On my most recent visit to the desert I spent time in the stunning dunes of Chegaga, and was lucky enough to see Dorcas Gazelle…
One morning we set out by camel from the bivouac in Chegaga to visit a family of nomads and share lunch with them. Leaving camp very early in the morning to try to make most of the journey before the temperature climbed too high. I was gazing sleepily at the horizon and listening to the swish plop of the camels feet when Barbossa suddenly turned and made a ‘horns’ gesture with his hands and put his finger to his lips before pointing into the distance. I managed to suppress the squeal of delight that nearly escaped me as I saw what he was indicating. Two beautiful, delicate gazelle were staring back at us through the shimmering early sunshine from about 50 metres ahead, after a few moments they trotted off unhurriedly and we followed them at a distance, seeing them stop to look back at us again twice more before they tired of our presence and bounded out of sight across the Hammada.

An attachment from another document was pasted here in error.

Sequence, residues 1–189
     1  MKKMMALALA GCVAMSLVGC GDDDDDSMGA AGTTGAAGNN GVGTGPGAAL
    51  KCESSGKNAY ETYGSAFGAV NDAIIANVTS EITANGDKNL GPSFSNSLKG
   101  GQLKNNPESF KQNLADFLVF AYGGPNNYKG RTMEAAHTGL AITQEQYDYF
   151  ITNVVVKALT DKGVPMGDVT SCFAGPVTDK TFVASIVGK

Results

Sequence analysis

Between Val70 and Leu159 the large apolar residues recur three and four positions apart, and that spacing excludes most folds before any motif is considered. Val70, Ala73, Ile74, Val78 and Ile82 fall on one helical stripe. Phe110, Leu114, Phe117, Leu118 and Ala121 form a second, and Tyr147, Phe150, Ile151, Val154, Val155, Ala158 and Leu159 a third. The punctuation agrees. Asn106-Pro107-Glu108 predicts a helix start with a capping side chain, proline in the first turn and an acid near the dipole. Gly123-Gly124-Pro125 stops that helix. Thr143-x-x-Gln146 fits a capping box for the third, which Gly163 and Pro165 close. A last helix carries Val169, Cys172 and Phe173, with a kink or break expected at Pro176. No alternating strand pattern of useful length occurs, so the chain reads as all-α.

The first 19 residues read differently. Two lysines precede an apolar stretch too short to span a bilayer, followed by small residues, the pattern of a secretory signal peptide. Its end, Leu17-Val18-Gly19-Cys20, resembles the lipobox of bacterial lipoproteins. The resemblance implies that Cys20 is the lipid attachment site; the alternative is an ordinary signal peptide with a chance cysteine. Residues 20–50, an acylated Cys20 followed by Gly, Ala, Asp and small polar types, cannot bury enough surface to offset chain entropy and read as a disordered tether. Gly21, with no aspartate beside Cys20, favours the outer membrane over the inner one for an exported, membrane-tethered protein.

It is difficult to find the words for the feeling of seeing an animal like this in its own environment and on its own terms rather than on television or at a zoo. Wonder, awe, utter humility perhaps? But it is unlike any other experience and one I always feel incredibly privileged to have. When I returned to the family home in M’hamid I wanted to celebrate it somehow and so on a swelteringly hot afternoon just before my return to Marrakech I painted this on a wall… (I will post another time about how to recognise the early symptoms of heatstroke…;-))
Gazelle are sadly becoming a rarer sight in Morocco partly due to poaching for the restaurant trade and partly through loss of environment. Although the gazelle is a protected species here with such huge areas to cover it can be difficult to police. The prevalence of 4×4 travel in the Sahara may also be a factor in that it disturbs the population and may be driving them deeper into more remote areas.